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Stages of Cervical Cancer


Stages of Cervical Cancer

The staging system for cervical cancer depends on the size of the tumor, the extent of the tumor into cell layers (stromal invasion), and spread to other areas of the body (metastasis). Staging of cervical cancer has been done by the American Joint Committee on Cancer (AJCC) and the Federation Internationale de Gynecologie et d'Obstetrique (FIGO). The two classification systems are very similar.

AJCC TNM staging classification1

The primary tumor (T) is staged in the following way:

  • TX. Primary tumor cannot be assessed.
  • T0. No primary tumor is seen.
  • Tis (Carcinoma in situ). The cancer is found only in one area of the cervix and only very near surface of the cervix. This type of cervical cancer is called carcinoma in situ.
  • T1. Cervical carcinoma is only found in the uterus.
    • T1a. Invasive carcinoma diagnosed by microscopy with stromal invasion is no more than 5 mm in depth and 7 mm or less in width.
      • T1a1. Stromal invasion is 3 mm or less in depth and 7 mm or less in width. This is also called microinvasive carcinoma.
      • T1a2. Stromal invasion is more than 3 mm and not more than 5 mm in depth and 7 mm or less in width.
    • T1b. Visible tumor only on the cervix or microscopic tumor is larger than T1a/Ia2.
      • T1b1. Visible tumor is 4 cm (1.6 in.) or less in size.
      • T1b2. Visible tumor is more than 4 cm (1.6 in.) in size.
  • T2. Cancer invades beyond the uterus but not to the pelvic wall or the lower third of the vagina.
    • T2a. Tumor does not involve the connective tissue (parametrium) around the uterus.
      • T2a1. Visible tumor is 4 cm (1.6 in.) or less in size.
      • T2a2. Visible tumor is more than 4 cm (1.6 in.) in size.
    • T2b. Tumor does extend into the parametrium around the uterus.
  • T3. The tumor extends to the pelvic wall and/or involves the lower third of the vagina, and/or blocks a kidney so urine cannot flow out, or causes a nonfunctioning kidney.
    • T3a. Tumor involves lower third of vagina but no extension into the pelvic wall.
    • T3b. Tumor extends to pelvic wall and/or causes a blocked kidney or a nonfunctioning kidney.
  • T4. Tumor invades the lining of the bladder or rectum, and/or extends beyond the pelvis.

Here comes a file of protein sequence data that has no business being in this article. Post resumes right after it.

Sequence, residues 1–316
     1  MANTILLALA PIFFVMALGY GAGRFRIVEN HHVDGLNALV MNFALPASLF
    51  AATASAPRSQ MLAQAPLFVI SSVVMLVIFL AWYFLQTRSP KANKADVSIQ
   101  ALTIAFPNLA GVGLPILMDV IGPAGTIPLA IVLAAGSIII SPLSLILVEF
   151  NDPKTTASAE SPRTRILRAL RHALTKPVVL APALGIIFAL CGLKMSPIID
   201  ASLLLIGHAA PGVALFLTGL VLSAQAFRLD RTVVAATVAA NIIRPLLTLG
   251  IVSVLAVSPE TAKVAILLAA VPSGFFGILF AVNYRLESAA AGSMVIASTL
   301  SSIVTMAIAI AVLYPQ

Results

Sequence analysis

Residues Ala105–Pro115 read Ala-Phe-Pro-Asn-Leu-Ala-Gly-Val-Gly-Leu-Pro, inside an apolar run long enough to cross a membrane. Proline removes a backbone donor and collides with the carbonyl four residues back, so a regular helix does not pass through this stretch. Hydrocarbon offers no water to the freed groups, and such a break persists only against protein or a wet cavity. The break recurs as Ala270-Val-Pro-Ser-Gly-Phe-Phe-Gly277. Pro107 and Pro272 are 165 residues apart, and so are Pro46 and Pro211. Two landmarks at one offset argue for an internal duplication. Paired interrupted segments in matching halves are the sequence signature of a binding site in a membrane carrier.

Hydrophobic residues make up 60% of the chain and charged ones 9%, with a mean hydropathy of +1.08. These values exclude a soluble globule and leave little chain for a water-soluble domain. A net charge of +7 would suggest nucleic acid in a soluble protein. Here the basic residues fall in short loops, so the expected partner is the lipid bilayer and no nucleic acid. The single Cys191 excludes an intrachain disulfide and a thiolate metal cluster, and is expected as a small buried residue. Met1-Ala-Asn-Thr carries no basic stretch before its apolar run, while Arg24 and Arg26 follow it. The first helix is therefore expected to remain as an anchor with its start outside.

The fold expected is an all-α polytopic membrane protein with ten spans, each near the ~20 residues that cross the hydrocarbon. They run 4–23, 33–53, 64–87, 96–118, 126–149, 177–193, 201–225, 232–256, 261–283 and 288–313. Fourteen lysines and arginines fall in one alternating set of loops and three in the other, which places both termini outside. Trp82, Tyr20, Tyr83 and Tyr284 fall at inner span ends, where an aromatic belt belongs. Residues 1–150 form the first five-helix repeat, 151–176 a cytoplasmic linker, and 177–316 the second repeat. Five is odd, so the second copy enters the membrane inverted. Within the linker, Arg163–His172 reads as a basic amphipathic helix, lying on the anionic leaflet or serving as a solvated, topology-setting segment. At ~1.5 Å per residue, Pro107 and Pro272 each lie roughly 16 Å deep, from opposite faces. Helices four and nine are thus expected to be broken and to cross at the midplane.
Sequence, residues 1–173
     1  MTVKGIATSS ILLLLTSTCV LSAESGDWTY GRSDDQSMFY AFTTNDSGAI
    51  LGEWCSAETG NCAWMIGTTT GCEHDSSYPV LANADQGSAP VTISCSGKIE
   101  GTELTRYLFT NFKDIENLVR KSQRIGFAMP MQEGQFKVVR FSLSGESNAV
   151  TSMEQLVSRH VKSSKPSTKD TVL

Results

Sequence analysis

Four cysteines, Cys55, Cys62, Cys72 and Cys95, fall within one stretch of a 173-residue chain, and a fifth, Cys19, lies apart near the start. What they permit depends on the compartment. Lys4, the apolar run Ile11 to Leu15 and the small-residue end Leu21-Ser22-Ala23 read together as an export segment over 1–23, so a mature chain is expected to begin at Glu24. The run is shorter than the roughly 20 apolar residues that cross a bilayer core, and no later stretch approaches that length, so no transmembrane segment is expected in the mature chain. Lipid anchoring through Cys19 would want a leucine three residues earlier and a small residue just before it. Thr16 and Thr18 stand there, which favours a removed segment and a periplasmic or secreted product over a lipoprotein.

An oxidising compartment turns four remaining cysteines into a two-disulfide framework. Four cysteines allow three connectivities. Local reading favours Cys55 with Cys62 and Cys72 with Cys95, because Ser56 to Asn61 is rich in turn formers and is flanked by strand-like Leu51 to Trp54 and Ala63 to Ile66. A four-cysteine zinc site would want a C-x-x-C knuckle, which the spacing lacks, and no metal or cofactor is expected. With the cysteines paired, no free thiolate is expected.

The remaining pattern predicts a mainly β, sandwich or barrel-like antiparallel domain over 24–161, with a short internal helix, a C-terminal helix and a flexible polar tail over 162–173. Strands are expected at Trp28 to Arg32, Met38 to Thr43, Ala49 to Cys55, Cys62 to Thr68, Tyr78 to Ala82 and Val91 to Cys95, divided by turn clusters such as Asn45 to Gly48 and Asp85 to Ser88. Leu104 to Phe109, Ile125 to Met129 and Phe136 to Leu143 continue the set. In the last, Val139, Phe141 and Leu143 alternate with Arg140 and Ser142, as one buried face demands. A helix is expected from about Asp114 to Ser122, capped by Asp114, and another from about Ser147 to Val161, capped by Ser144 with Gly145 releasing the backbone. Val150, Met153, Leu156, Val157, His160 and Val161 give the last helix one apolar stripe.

• M1. Distant metastasis: The cancer has spread to distant parts of the body.

After the tumor (T) is staged, the TNM system stages lymph node involvement (N) to help determine the treatment options at each stage. Lymph node involvement is staged in the following way:

  • NX. Lymph nodes near the primary tumor cannot be evaluated.
  • N0. Cancer has not spread to lymph nodes near the primary tumor.
  • N1. Cancer has spread to lymph nodes near the primary tumor.

The last part of staging cervical cancer is to determine whether cancer has spread to other parts of the body (metastasized). The TNM system stages metastasis (M) in the following way:

  • M0. No distant metastasis is found.
  • M1. Metastasis to another part of the body has occurred.

The TNM staging system allows a doctor to recommend the most effective treatment options and discuss the long-term outcome (prognosis) based on the type of tumor, the stage of the cancer, and the woman's age and overall health condition.

FIGO staging1

Stage I. Cervical carcinoma is only found in the cervix.

  • Stage IA. Invasive carcinoma is diagnosed by microscopy, with the extent of the tumor into cell layers (stromal invasion) no more than 5 mm in depth and 7 mm wide.
    • Stage IA1. Stromal invasion is 3 mm or less in depth and 7 mm or less in width.
    • Stage IA2. Stromal invasion is more than 3 mm and not more than 5 mm in depth and 7 mm or less in width.
  • Stage IB. Visible tumor only on the cervix or by microscopy is larger than T1a/IA2.
    • Stage IB1. Visible tumor is 4 cm (1.6 in.) or less in size.
    • Stage IB2. Visible tumor is greater than 4 cm (1.6 in.) in size.

Stage II. Cancer extends beyond the cervix but not onto the pelvic wall. It involves the vagina but not as far as the lower third of the vagina.

  • Stage IIA. Tumor does not involve the connective tissue (parametrium) around the uterus.
    • IIA1. Visible tumor is 4 cm (1.6 in.) or less in size.
    • IIA2. Visible tumor is more than 4 cm (1.6 in.) in size.
  • Stage IIB. Tumor does involve the parametrium but not the pelvic sidewall.

Stage III. Cancer has extended onto the pelvic sidewall and/or involves the lower third of the vagina. Stage III includes tumors that block urine so it cannot flow out of the kidney or that cause a nonfunctioning kidney.

  • Stage IIIA. Tumor involves lower third of vagina but no extension into the pelvic wall.
  • Stage IIIB. Tumor extends onto the pelvic sidewall and/or causes a blocked kidney or nonfunctioning kidney.

Stage IVA. Tumor invades the lining of the bladder or rectum, and/or extends beyond the pelvis.

References

Citations

  1. American Joint Committee on Cancer (2010). Cervix uteri. In AJCC Cancer Staging Manual, 7th ed., pp. 395–402. New York: Springer.

Credits

ByHealthwise Staff
Primary Medical ReviewerAdam Husney, MD - Family Medicine
Specialist Medical ReviewerRoss Berkowitz, MD - Obstetrics and Gynecology
Last RevisedAugust 30, 2010

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